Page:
This may change the way you look at “good carbs” and “bad carbs” forever. Carb-dense foods can alter the balance of our gut flora, triggering inflammation. Foods are considered carb-dense if they have a high ratio of carb grams relative to their weight. A small potato, which many consider a bad carb, weighs 170 grams, but it’s mostly water; only about 23 percent of it is carbohydrate. A plain rice cake, by contrast, weighs only nine grams, but almost 80 percent of it is carbohydrate!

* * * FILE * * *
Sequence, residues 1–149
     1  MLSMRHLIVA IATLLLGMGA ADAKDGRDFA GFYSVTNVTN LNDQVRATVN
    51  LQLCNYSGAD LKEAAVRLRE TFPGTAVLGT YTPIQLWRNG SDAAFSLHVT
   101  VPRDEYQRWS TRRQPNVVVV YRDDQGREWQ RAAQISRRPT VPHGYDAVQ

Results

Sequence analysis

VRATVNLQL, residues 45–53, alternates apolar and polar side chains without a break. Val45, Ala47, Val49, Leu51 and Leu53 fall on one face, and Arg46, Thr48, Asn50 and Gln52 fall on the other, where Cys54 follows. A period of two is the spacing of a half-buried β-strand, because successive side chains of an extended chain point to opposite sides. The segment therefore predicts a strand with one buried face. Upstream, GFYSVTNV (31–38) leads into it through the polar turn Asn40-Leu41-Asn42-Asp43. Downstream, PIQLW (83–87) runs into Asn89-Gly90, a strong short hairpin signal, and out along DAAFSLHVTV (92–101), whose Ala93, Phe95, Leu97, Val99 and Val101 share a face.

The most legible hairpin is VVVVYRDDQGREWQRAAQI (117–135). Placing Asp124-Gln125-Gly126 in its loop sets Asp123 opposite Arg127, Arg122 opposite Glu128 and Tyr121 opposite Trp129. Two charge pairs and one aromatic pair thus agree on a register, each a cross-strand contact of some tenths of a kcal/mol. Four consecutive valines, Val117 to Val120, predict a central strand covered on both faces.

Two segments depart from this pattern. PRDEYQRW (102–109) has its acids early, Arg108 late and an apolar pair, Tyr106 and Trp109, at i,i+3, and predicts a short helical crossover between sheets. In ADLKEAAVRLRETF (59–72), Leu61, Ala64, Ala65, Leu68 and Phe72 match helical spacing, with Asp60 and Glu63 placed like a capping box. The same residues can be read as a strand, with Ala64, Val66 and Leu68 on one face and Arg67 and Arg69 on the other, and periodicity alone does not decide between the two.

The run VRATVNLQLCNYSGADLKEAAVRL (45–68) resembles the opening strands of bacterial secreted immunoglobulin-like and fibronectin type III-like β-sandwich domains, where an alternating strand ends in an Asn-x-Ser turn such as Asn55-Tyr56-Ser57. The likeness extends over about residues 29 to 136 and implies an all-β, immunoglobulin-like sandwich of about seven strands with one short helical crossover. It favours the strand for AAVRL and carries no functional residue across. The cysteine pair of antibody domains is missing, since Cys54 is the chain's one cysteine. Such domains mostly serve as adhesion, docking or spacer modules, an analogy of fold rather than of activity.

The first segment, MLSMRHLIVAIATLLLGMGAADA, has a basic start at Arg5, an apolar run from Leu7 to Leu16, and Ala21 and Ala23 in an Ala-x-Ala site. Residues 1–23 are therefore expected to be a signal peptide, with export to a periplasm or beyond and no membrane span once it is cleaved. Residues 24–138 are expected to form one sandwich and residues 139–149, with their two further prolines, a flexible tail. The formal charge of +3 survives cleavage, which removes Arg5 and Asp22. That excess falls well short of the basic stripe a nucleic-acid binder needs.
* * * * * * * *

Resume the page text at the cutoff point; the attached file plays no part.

Found in: bagels, bread (including whole-grain breads), crackers, pasta, cereals, white rice, pretzels. Some carbs are bad for your belly, but make sure that you never cut these carbs from your diet.
Three types of dietary fat are linked to inflammation and thus contribute to excess belly fat: trans fats, saturated fats, and omega-6 fats.
Found in: packaged foods (trans fats), processed and high-fat cuts of meat, full-fat dairy, some candy (saturated fat), corn oil, grape-seed oil, soybean oil, safflower oil, sunflower oil (omega-6 fats). Watch out for these silent signs that you’re eating too much bad fat.